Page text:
Loving the Unlovable

Loving the Unlovable

A Boston-Globe article reported this past December that New Hampshire’s state drug abuse and prevention program was turned down for a $17 million grant for one reason alone. The Federal Substance Abuse and Mental Health Services Administration said that the state’s application for the grant was typed with smaller margins than permitted. The state of New Hampshire wasn’t given a second chance. The decision of the Administration was final. Sorry folks, no help available for drug addicts in New Hampshire. The margins weren’t right.

When I read about this incident on the Internet, it reminded me of some of the victims of legalism I’ve met along the way. The law doesn’t care about people. Rules are the only thing that matter to the legalist.

There was the pastor who told me about how one night his wife never came home from work while they were in seminary. He laid awake worrying and praying all night. He had already called the police the next morning when his wife finally called. She informed him that she had been having an affair with somebody at work and had spent the night with that man. She called to tell her seminary-student-husband that she was leaving him.

The young man went to school that morning broken hearted. Due to what had happened, he arrived late. He spoke to the professor of the class he had missed and asked permission to make up the test which had been given that day in class. Despite the fact that he shared the painful details of the night before, his professor told him that to give him a chance to make up the test would be against the rules. He advised this broken hearted student that he needed to speak to the academic dean to get special permission.

When he spoke to the academic dean, he was told that he would immediately be expelled from school because he wouldn’t be allowed to continue his preparation for the pastorate if he was divorced. After all, if he couldn’t hold a marriage together, how could he lead a church? Not so much as an encouraging word was offered.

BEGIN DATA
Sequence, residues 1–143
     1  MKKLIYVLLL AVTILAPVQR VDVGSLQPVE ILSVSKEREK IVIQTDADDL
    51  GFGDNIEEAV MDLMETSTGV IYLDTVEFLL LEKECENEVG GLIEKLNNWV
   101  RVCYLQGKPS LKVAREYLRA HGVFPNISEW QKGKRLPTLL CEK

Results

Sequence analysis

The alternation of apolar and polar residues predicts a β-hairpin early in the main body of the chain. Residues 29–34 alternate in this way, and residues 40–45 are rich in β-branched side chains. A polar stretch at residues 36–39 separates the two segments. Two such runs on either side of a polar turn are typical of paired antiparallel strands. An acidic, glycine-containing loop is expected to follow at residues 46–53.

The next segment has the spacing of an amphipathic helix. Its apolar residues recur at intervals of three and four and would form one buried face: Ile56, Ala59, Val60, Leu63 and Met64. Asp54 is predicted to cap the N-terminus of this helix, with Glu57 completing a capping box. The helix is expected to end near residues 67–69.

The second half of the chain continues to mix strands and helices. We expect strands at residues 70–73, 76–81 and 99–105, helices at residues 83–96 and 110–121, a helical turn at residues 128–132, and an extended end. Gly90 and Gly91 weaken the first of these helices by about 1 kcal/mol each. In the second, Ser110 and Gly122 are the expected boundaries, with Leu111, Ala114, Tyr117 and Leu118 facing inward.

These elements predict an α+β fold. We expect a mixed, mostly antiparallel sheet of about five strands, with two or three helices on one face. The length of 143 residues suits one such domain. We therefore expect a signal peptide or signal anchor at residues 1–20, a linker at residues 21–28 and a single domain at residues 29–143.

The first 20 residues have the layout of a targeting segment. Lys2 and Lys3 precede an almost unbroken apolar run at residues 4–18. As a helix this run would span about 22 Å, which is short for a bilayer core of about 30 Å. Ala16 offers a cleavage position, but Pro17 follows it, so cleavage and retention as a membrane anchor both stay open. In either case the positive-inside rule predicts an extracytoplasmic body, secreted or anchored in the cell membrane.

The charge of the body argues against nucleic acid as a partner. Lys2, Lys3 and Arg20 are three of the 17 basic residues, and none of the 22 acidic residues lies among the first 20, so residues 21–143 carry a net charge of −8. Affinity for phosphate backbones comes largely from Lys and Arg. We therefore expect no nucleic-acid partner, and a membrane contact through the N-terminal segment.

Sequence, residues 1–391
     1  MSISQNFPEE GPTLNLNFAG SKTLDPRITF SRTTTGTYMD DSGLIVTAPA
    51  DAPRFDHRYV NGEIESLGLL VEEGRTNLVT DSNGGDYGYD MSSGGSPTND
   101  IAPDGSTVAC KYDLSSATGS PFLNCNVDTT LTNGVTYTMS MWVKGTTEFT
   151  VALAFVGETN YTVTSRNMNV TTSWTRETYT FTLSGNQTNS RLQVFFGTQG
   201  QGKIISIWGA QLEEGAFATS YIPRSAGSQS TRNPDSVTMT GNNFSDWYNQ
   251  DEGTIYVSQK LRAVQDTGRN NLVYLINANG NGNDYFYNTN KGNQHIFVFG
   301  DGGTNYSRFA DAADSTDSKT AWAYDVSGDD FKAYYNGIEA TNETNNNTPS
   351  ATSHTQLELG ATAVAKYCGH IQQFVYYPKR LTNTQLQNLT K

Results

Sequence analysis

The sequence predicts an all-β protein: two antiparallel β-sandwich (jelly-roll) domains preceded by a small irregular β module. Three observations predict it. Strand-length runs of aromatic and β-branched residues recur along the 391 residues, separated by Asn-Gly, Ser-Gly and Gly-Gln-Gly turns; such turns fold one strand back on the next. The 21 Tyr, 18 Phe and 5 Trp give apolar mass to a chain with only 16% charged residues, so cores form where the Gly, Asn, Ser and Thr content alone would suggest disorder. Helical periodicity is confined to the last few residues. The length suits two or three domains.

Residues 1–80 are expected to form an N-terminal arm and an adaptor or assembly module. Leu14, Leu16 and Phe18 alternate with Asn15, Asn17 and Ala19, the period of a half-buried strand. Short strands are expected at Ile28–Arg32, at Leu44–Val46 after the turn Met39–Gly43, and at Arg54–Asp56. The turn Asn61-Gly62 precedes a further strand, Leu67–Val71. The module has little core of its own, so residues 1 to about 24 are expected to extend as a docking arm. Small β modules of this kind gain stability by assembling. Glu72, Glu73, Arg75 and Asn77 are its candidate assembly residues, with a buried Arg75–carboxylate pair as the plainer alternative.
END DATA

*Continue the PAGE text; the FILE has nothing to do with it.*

I’m reminded of another friend – Frank. His wife’s brother was diagnosed with AIDs. Frank and Betty lovingly brought her brother into their home to care for him. Frank was a pastor. His church couldn’t handle it. After all, it was the man’s misbehavior that had brought on the AIDs disease to start with.

Even in my own family, I once asked a staff member in a church we attended years ago if he would have someone in the young adult department of the church reach out to my son who had suffered a serious, life-threatening accident. “Is he in a small group?” I was asked. “No,” I responded. “That’s what he needs to do,” I was told. “He needs to get into a small group.” Our small groups are set up to minister to each other.” My son never got the contact. I guess membership in the small group really was important in that church.

Rules, procedures, regulations – that’s what the law is all about.

But that’s not what Jesus is about. He’s about people. His focus is relationships, not rules. What matters to Him is love, not laws.

I think Jesus would have wept over the young pastor whose wife left him. I believe that Jesus is proud of Frank and Betty for how they cared for her brother. I believe Jesus loved my son in his need even when the church wouldn’t give him the time of day.

I believe Jesus cares about drug addicts and homosexuals, about divorcees and outcasts. I think Jesus passionately loves the ones that repulse the rule-keeping, self-righteous pharisees. I’m glad Jesus isn’t like some people who go to church every Sunday.

Do you want Jesus to live through you? Then love somebody that others don’t tend to love. Reach out to the one who has nothing to offer in return. Love them unconditionally. Love them generously. Love them passionately. When you do so, your Father will smile with pleasure – because you’ll be acting just like His Son.

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